Sharif Abdel Kouddous reports from Egypt, where protests erupted last night after final results were announced in the country’s first-ever competitive presidential election. The top two candidates in the first round of the race are Mohamed Morsi of the Muslim Brotherhood and Ahmed Shafik, the last prime minister under Hosni Mubarak, who was ousted in a popular uprising 15 months ago. “[Shafik] speaks the language of Mubarak’s regime. And what that means is the retention of broad discretionary powers given to the executive and given to security forces, a very strong role for security agency involvement, whether the intelligence services or Ministry of Interior security agencies, to ensure stability and control over protests, which, as far as he is concerned, are the source of instability,” says Heba Morayef of Human Rights Watch. Morsi and Shafik will face each other in a runoff vote set to begin June 16. Special thanks to Democracy Now! video producer Hany Massoud. [includes rush transcript]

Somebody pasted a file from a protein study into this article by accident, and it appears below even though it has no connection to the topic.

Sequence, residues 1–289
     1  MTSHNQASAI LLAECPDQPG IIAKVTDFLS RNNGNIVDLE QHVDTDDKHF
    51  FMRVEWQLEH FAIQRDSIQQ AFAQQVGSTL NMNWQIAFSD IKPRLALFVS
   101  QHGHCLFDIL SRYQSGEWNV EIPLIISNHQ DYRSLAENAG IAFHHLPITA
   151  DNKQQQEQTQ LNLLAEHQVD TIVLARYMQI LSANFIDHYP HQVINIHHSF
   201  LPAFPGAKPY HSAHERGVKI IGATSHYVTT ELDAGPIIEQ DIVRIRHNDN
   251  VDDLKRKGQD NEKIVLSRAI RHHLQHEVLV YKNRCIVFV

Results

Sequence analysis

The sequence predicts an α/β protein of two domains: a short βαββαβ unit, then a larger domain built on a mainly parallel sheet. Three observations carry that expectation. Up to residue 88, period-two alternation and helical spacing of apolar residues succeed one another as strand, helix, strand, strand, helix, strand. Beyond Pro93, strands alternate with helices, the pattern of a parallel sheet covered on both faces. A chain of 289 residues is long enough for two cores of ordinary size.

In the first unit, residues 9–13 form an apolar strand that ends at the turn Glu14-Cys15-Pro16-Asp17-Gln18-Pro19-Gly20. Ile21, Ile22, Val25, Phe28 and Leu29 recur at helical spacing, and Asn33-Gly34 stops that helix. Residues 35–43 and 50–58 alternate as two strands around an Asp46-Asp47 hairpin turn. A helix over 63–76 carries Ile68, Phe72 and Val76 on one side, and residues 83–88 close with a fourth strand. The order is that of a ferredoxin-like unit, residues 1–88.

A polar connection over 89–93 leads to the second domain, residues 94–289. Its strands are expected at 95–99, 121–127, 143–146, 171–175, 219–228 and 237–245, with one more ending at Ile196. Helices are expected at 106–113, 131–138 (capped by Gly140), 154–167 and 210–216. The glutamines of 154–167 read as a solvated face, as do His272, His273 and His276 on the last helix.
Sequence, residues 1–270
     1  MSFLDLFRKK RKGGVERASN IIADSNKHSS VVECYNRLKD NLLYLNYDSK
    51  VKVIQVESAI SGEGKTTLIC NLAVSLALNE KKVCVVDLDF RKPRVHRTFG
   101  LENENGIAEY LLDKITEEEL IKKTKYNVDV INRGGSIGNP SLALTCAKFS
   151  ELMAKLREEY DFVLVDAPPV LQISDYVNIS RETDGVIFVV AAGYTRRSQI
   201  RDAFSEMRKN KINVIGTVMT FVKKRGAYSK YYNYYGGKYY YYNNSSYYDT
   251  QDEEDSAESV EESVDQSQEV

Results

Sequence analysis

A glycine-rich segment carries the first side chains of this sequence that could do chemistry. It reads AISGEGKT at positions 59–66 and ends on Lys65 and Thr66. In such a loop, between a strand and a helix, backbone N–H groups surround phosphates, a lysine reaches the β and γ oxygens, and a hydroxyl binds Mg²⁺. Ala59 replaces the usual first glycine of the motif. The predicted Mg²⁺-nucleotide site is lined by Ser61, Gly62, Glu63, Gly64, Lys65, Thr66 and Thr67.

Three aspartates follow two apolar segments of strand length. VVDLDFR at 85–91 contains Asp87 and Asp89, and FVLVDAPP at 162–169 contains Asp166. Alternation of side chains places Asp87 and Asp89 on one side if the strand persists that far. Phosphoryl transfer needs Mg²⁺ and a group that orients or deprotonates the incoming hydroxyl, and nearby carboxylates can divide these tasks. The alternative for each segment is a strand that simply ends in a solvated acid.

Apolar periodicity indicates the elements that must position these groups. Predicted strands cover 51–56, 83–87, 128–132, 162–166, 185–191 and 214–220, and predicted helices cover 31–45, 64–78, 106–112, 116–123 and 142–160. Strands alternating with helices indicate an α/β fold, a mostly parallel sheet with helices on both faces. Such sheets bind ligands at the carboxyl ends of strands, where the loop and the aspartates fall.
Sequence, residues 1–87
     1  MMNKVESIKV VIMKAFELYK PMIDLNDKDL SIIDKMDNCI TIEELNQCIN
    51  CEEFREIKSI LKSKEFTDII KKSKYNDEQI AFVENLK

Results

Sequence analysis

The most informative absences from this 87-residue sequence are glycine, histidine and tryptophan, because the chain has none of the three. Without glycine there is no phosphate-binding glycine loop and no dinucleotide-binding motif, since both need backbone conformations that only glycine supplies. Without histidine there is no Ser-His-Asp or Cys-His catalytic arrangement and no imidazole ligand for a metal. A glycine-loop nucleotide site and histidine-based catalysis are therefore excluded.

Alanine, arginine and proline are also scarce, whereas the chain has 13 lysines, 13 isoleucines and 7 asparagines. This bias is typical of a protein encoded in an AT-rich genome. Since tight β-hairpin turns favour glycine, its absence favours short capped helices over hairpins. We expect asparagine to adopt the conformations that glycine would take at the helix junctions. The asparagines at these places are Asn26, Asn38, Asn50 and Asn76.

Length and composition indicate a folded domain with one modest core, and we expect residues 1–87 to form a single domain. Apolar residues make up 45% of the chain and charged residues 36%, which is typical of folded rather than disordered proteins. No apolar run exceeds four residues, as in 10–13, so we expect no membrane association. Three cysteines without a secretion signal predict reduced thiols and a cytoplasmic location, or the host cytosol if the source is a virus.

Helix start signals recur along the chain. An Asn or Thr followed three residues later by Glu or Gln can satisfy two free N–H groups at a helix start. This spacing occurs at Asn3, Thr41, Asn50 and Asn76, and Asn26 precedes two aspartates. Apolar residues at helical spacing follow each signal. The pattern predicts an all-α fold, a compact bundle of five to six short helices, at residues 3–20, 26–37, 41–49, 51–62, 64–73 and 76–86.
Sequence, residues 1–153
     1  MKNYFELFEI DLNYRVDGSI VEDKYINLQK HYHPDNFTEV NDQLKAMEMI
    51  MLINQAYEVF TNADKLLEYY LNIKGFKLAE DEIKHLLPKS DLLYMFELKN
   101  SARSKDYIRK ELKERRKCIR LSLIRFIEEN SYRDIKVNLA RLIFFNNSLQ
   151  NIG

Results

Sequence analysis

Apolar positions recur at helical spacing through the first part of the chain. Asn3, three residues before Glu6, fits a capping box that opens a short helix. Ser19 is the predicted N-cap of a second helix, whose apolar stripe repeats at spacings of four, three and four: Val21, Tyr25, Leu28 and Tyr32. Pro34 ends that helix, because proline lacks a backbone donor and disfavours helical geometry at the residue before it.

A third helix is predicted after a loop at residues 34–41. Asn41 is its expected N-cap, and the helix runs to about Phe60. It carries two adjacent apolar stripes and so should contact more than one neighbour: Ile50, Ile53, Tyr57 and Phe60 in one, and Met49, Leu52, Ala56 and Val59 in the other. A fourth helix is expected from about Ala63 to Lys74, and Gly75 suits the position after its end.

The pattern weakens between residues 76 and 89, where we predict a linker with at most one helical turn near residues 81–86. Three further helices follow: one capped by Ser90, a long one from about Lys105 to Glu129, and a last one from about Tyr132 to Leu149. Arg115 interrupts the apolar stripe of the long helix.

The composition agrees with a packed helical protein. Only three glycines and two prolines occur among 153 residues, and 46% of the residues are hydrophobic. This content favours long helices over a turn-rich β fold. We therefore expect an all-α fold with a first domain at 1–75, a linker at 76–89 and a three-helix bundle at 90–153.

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AMY GOODMAN: Protests erupted in Egypt last night after final results were announced in the country’s first-ever competitive presidential election. The top two candidates in the first round of the race are Mohamed Morsi of the Muslim Brotherhood and Ahmed Shafik, the last prime minister under Hosni Mubarak who was ousted in a popular uprising 15 months ago. Morsi and Shafik will face each other in a runoff vote set to begin on June 16th.